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Atomic Configurations and Energetics of Arsenic Impurities in a Silicon Grain Boundary

M. F. Chisholm1, A. Maiti1, S. J. Pennycook1, and S. T. Pantelides2,1

Phys. Rev. Lett., 81, 132 (1998)

Full Article (PDF 224 KB)

Interfaces such as grain boundaries play critical roles in determining the physical properties of complex materials and structures. Impurity segregation in interfaces and grain boundaries often alters these properties in dramatic ways. In this report, we present atomic-resolution Z-contrast images showing that As impurities segregate to particular atomic columns in a Si grain boundary.Figure 1a is a Z-contrast image of a symmetric tilt boundary doped with arsenic revealing periodic bright features. The extra intensity corresponds, on average, to an extra 5 at.% As in each bright triangular feature. These features are parts of mixed dislocation cores identified as 2 or its mirrored core, 2' in the derived boundary structure presented in Fig. 1b. Thus, the image indicates that arsenic not only substitutes for silicon in a few selected sites in this boundary but that it also selects just one of the two mixed dislocation cores in the boundary (two of the six dislocations in each period of the GB). These consistently bright features are not observed in the undoped bicrystal.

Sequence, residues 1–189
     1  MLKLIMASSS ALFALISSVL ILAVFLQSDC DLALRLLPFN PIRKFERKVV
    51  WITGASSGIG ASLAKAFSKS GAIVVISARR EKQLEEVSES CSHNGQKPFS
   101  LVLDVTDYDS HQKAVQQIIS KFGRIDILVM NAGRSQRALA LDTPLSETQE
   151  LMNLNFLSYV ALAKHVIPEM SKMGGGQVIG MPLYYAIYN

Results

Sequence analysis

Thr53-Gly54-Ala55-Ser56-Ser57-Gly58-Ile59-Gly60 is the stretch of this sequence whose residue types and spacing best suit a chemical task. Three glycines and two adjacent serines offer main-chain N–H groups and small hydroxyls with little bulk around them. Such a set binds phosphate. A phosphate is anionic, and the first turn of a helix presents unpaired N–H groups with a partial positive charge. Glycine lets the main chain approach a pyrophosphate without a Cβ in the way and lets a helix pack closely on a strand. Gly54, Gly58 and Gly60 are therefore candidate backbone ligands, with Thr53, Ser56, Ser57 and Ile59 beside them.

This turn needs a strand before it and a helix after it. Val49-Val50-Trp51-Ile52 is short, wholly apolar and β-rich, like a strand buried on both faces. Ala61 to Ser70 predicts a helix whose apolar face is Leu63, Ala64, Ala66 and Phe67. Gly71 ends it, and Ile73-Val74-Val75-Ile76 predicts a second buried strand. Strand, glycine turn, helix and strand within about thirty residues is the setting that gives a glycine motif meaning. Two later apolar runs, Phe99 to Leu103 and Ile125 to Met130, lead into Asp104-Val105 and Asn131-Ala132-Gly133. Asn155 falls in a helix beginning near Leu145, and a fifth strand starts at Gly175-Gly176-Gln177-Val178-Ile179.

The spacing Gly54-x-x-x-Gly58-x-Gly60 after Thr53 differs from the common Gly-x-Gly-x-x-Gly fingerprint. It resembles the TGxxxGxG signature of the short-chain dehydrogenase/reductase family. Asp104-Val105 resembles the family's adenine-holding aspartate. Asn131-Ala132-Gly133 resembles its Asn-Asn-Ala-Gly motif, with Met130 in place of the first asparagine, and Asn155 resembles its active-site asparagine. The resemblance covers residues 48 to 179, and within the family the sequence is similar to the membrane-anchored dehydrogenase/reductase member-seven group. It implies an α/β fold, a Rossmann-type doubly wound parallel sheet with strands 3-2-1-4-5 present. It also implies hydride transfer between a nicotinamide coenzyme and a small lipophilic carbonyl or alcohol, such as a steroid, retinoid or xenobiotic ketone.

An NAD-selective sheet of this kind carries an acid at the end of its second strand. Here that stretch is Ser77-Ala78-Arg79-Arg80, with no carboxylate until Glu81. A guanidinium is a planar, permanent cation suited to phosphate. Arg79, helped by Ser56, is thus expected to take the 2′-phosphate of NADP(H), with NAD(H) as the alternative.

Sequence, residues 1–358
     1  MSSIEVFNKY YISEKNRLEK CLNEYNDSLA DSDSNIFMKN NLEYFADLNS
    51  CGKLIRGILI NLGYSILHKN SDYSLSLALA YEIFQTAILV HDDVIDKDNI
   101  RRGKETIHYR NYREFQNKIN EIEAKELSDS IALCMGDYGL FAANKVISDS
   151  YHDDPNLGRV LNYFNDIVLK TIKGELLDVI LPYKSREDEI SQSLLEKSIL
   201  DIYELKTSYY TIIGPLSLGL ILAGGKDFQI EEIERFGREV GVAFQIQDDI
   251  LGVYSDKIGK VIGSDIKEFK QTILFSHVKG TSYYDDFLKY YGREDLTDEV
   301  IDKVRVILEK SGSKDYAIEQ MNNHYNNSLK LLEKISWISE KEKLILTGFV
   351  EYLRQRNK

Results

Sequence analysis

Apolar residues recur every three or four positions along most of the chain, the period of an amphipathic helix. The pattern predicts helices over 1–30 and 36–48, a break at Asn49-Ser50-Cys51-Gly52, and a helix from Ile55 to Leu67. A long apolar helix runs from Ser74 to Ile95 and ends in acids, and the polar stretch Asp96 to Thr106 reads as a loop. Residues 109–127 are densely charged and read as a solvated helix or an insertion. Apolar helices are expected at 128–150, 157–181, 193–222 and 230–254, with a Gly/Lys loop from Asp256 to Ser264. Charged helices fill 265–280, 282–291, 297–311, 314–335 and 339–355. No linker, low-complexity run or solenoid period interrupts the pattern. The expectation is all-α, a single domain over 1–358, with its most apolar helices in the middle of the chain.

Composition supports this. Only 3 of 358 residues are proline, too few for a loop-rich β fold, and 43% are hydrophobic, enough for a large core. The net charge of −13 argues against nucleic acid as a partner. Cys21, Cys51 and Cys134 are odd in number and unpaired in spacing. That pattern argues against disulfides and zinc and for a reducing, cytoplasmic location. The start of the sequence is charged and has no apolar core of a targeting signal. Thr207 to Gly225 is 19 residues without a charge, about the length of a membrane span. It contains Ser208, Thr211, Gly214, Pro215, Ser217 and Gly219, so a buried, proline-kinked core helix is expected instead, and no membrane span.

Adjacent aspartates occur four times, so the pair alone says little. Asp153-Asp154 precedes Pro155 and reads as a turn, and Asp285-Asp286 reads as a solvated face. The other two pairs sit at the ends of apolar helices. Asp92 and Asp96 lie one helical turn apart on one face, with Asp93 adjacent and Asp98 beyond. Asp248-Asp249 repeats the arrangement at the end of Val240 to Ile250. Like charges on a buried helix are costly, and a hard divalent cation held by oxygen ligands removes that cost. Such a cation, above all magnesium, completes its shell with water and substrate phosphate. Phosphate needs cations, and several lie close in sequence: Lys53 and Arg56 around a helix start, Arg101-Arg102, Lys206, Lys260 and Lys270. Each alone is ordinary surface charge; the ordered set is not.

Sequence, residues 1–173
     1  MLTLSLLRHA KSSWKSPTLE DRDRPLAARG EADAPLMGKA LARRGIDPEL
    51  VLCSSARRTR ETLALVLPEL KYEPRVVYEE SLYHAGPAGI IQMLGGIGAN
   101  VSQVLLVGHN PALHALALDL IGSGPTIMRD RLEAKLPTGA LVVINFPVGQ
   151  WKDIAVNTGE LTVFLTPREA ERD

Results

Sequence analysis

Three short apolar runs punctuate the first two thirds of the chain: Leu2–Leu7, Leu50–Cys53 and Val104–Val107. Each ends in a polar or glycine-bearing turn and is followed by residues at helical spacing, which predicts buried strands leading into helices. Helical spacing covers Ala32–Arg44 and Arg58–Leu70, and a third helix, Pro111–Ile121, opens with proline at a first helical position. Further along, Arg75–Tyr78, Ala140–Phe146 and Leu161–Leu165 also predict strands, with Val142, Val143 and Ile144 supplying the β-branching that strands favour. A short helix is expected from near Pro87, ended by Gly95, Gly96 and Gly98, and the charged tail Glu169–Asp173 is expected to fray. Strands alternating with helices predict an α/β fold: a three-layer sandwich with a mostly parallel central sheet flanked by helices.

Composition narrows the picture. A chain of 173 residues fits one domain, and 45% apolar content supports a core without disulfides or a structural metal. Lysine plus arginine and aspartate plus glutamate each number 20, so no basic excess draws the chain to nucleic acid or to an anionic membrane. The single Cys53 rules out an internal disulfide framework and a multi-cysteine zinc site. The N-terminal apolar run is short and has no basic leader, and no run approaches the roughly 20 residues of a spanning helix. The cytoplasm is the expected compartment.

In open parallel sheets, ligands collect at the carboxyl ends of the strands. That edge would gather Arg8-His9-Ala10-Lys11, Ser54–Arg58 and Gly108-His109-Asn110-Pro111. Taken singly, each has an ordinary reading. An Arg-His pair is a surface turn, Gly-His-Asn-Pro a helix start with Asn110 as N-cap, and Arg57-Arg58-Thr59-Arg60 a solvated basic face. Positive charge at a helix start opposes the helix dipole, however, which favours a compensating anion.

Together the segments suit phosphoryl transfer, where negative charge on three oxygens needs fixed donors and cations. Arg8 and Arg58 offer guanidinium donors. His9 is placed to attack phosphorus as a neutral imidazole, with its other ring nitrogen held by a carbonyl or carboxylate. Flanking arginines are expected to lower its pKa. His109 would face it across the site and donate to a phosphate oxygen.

The compositional sensitivity of the image is extremely high. We estimate a thickness of the order of 20 nm in this section of the sample, corresponding to approximately 40 atoms per column. With an As concentration of 5% in the selected column, there are on average only two arsenic atoms per column. This small number of impurity atoms explains the variability in the intensities from individual columns.


  Figure 1. (a) Z-contrast image of a symmetric 23° <001> tilt boundary in Si that has been doped with arsenic. The extra intensity seen at particular sites in the boundary indicates As segregates to special sites in the host interface without otherwise changing the boundary structure. (b) Schematic of the projected atomic column positions of the boundary core, obtained directly from the image, showing the three dislocations that form the boundary. The highlighted column positions in the schematic correspond to bright features in the image.
  1. Solid State Division, Oak Ridge National Laboratory
  2. Department of Physics and Astronomy, Vanderbilt University, Nashville, TN

 Oak Ridge National Laboratory